• Climate Change and Sustainability—These issues have been receiving increased attention, and risk factor disclosure could be necessary to address the impact of existing or pending legislation on a company's business, as well as the effects of increasing public consciousness and activism related to climate change and sustainability issues. Potential changes in climate regulation could also pose specific risks to certain companies.
  • Shareholder Activism—As companies become increasingly aware of the prevalence of activism and the potential downside of being a target, shareholder activism is being included as a risk factor in some companies' periodic reports. In the first half of 2017, 65 companies included such a risk factor, representing more than a fivefold increase from 2014. This disclosure can take the form of a stand-alone risk factor describing how the company's business could be impacted by the actions of activist shareholders (such as by causing the company to incur substantial costs, including litigation, diverting management attention and resources, or creating uncertainty that impacts retention of employees or customers) or adding shareholder activism to a list of factors that could hinder investment or other business activities and impact a company's stock price.
  • Brexit—While the full effect of the United Kingdom's withdrawal from the EU may not be seen for several years, approximately 600 companies have disclosed Brexit-related risk factors in their Forms 10-K and 20-F filed between September 1, 2016, and April 30, 2017. Brexit has been referenced in risk factors on currency exchange rate risks, cross-border trade and labor, international operations risks and global economic conditions, and risks related to political and regulatory uncertainty. As Brexit negotiations progress, impacted companies should continue evaluating whether Brexit poses a material risk to their business, what level of Brexit-related disclosure is appropriate and whether any prior Brexit risk factor disclosures require updates.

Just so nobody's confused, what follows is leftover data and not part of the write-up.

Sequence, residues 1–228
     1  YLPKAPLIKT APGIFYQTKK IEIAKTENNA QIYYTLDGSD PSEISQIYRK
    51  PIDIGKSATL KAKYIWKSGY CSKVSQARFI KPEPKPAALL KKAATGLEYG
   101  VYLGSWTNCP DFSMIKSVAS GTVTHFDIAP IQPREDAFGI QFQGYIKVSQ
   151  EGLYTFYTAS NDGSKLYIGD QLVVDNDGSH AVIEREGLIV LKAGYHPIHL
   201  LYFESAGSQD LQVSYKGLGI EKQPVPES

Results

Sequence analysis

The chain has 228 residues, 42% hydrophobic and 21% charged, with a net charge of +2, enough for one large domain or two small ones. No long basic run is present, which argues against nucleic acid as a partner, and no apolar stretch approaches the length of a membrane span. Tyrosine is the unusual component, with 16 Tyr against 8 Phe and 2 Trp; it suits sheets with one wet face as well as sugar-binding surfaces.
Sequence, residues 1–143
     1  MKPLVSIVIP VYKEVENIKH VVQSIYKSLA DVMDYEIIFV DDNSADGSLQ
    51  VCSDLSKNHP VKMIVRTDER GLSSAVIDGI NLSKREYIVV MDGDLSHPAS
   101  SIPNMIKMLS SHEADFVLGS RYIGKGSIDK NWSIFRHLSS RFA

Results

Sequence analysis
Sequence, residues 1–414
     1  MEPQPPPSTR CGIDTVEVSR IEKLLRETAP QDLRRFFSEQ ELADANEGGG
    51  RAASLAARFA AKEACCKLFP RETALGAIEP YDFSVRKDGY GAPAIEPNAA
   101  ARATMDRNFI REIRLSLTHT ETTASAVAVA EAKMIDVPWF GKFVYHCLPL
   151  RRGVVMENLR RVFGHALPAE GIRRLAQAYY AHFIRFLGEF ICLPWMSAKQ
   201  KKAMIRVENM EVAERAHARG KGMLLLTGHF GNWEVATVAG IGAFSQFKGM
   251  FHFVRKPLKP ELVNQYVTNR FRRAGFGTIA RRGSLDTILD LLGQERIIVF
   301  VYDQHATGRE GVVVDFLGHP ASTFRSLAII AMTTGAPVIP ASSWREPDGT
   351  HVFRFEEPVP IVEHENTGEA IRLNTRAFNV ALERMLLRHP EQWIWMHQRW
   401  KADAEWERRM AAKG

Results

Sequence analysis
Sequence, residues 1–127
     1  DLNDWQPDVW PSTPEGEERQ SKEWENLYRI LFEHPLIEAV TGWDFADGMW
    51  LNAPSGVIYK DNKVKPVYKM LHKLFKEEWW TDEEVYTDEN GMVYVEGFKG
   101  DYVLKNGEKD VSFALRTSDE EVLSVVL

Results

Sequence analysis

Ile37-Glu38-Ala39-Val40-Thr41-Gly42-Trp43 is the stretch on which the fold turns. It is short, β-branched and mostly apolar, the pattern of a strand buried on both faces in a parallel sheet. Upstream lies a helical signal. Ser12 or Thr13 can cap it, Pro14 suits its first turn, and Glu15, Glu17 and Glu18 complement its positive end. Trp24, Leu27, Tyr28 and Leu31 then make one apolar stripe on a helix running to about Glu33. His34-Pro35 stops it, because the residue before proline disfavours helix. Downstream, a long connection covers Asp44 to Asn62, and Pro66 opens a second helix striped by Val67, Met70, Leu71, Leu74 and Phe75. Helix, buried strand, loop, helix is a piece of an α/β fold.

Presentation of Non-GAAP Financial Information

2016 guidance from Corp Fin9 clarified the SEC's position on complying with key aspects of Regulation G and Item 10(e) of Regulation S-K relating to the use of non-GAAP financial information. Subject to limited exemptions10, FPIs are required to comply with Regulation G with respect to any public announcements of material information that contain non-GAAP financial measures and are subject to the requirements of Item 10(e) of Regulation S-K with respect to any filings under the Securities Act of 1933 (Securities Act), such as registration statements on Form F-1 or F-3, and the Securities Exchange Act of 1934 (Exchange Act), such as annual reports on Form 20-F. Because reports of FPIs on a Form 6-K are generally "furnished" rather than "filed" with the SEC, unless a Form 6-K is expressly designated as being "filed" or is incorporated by reference into a Securities Act registration statement or an annual report on Form 20-F, Form 6-Ks are not subject to the Item 10(e) "equal prominence" requirements or the related SEC guidance thereon.

Since this guidance was released, the SEC has issued numerous comment letters on non-GAAP measures directed at companies with improper disclosure (656 in the first half of 2017, compared to 429 in the first half of 2016). Some of the most common comments focus on the undue prominence of non-GAAP information, including lack of comparable GAAP metrics, or presentation of the non-GAAP metric ahead of the comparable GAAP number. Although the pace of comments on these issues has been declining, companies should continue to closely monitor their non-GAAP financial disclosures to ensure they are compliant with the requirements.

XBRL Updates

  • XBRL Exhibits Now Required for IFRS Filers—FPIs that prepare their financial statements in accordance with IFRS are now required, beginning with annual reports on Form 20-F filed in 2018 relating to fiscal years ending on or after December 15, 2017, to provide a version of their financial statements in interactive data format using eXtensible Business Reporting Language ("XBRL") in addition to providing financial statements in their traditional format. Previously, FPIs could voluntarily file financial data in XBRL format, although they were not required to comply with XBRL reporting, because the SEC had not specified a taxonomy specifically applicable to IFRS.
  • Inline XBRL—The SEC has not yet issued final rules following its proposed rules that would require companies to provide their financial statements in the Inline XBRL format. Inline XBRL allows filings to be made that integrate XBRL data directly into HTML filings, rather than requiring a copy of the filing to be attached as a separate XBRL exhibit11. Currently, public reporting companies can voluntarily file their structured financial statement data in inline XBRL format.